Rockingham County, Virginia Genealogy Trails
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Counties and Parishes of Botetourt, Rockingham, Rockbridge, Greenbrier and Montgomery

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 When Frederick County was first divided from Augusta, the latter was left with all of Western Virginia beyond the Alleghany Mountains, then extending to the Pacific Ocean, or, as it was sometimes said, to the “waters of the Mississippi."
      In the year 1769, Botetourt was taken from Augusta, and also extended westward indefinitely. At a subsequent period Montgomery was taken from Botetourt. But in the year 1777, Rockingham, till then part of Augusta, and Rockbridge and Greenbrier, were cut off from Augusta, Botetourt, and Montgomery. In all of these, parishes were also established by Act of Assembly. What was done in them after this is unknown. In Rockingham, probably before its separation from Augusta, there were, as may be seen in our article on Augusta, two churches. In Rockbridge, when composed of parts of Augusta and Botetourt, there may have been a church or churches, but I have obtained no information of such. Before this period the Presbyterians had made settlements in this region, especially about Lexington. On none of our lists of clergy or records do we find any minister belonging to Rockbridge after its separation from Augusta and Botetourt. In Montgomery and
    
Greenbrier parishes and counties, we presume there were none. In Botetourt parish, (for all the new parishes were called by the same name with the counties,) we find that the Rev. Adam Smith was the minister in the years 1774 and 1776. He was the father of Mr. Alexander Smith, sometimes written Smythe, of Wythe county, member of Congress, and General in the last war with England.
    
We know of no other but the Rev. Samuel Gray, who appears on the journal of 1796, and who died in the parish poor-house, the miserable victim of drink. In Fineastle there was an Episcopal church on the spot where the Presbyterian church now stands. A new church being built there, the Presbyterians worshipped in it, and were perhaps most active in its erection. By an Act of the Legislature, the lot of ground on which it stood was given to that denomination. It was not until the Rev. Mr. Cobbs commenced his labours in Bedford and extended his visits to Botetourt, that any hopes were raised, in the breasts of the Episcopalians in that county, of the establishment of the Church of their fathers and of their afl'ection.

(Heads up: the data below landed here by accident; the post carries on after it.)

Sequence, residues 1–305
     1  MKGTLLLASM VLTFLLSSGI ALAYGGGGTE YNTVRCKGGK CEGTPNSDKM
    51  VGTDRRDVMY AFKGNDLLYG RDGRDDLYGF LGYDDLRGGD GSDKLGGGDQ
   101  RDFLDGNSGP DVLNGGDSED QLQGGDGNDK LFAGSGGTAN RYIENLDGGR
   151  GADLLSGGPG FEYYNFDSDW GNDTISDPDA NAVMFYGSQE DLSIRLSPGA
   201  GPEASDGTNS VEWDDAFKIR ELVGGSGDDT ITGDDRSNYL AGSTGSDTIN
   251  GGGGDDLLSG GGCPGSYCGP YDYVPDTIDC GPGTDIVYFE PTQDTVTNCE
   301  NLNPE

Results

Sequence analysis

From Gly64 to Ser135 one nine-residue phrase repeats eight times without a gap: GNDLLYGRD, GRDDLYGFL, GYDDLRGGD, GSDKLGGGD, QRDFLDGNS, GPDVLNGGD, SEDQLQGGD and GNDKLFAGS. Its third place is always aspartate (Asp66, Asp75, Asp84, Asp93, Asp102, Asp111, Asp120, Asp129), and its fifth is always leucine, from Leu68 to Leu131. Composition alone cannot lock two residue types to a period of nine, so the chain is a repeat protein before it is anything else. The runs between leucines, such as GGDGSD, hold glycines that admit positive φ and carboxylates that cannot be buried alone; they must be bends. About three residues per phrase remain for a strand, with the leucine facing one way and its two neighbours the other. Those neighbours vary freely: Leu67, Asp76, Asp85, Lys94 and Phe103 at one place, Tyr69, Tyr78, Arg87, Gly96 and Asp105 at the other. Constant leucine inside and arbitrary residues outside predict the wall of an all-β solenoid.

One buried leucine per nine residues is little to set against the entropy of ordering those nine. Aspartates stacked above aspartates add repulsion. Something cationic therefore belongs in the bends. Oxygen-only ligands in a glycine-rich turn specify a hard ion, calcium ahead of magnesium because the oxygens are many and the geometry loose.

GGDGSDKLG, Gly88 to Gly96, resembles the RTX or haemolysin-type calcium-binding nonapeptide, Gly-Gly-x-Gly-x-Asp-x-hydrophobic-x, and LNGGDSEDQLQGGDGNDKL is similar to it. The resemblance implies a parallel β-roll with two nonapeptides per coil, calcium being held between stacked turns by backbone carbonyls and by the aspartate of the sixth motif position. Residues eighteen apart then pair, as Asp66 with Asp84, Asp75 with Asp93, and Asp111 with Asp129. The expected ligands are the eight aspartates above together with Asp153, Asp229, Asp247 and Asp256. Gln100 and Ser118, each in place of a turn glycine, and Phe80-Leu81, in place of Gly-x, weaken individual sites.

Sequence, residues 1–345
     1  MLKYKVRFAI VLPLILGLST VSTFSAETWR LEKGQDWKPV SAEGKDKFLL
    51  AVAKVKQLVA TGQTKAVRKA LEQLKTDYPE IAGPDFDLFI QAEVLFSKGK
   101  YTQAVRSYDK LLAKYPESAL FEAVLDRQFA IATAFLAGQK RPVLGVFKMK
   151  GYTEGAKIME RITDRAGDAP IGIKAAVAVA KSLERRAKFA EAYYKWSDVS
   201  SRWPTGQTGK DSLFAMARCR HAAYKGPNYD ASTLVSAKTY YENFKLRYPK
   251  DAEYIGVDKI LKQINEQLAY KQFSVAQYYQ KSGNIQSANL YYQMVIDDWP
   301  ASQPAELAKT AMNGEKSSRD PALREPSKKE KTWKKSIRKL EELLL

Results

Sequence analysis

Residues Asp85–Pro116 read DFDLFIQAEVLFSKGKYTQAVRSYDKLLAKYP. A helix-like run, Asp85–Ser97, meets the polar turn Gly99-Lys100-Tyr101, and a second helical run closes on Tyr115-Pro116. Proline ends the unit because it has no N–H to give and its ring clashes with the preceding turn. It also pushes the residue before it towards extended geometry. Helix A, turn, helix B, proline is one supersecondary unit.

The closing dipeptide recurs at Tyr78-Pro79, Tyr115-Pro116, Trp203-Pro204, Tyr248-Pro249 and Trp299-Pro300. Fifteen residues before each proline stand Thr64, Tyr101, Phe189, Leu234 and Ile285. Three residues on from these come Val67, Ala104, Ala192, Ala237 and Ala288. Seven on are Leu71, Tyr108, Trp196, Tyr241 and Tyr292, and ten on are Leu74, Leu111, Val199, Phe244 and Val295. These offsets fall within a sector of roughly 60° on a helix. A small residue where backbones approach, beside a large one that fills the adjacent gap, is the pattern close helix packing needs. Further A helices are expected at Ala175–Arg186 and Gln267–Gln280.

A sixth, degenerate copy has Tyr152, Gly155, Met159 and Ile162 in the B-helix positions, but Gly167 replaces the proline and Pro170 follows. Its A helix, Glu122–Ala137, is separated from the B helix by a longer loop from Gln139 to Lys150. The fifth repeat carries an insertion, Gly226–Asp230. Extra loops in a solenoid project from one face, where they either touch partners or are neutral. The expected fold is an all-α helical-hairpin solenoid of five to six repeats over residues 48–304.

During the ministry of Mr. Gray, some of the descendants of Major Burwell, an old vestryman of the church in King William, had removed to the neighbourhood of Fincastle. General Breckenridge, and Watts, who had not forgotten the Church of their forefathers, were also there. Woodville, son of the old minister of Culpepper, one of the Taylors from Old Mount Airy, in the Northern Neck, Madison, son of Bishop Madison, and others who might be mentioned, were there to encourage the effort at establishing a church. And yet, on my first visit to that county after my consecration, only one solitary voice was heard in the responses of ‘ our service.
    
After some years the Rev. Dabney Wharton, from the neighbouring county, took Orders and entered on the work of resuscitating or rather establishing the Church there, and during his residence in the parish did much to efl'ect it. The Rev. W. H. Pendleton succeeded him for some years, and, though removing for a time to another, has returned to a portion of his former field. He was succeeded by the Rev. Mr. McElroy, in 1847. The Rev. George Wilmer also spent some years there, first as minister to the whole parish, and then to a portion of it, which was formed into a distinct parish, now in the county of Roanoke. New churches have been erected in each portion,—one at Big Lick, in Roanoke, another at Fincastle, a third at Buchanon. The Rev. Mr. Baker has for some years been the minister of the two congregations in Fincastle and Buchanon. The new church at Buchanon deserves a word of special notice. It is chiefly the result of female enterprise. A lady well known in Virginia, who occasionally visited it in the summer season, fleeing from the sultry heat of Richmond, determined toeffect it by collections, far and near, of only twelve and a half cents from each contributor, and‘ by dint of perseverance, Vo. II.—5 succeeded in the course of a few years,—at least, so far as to secure the object. A neat, well-filled brick church is now to be seen at Buchanon.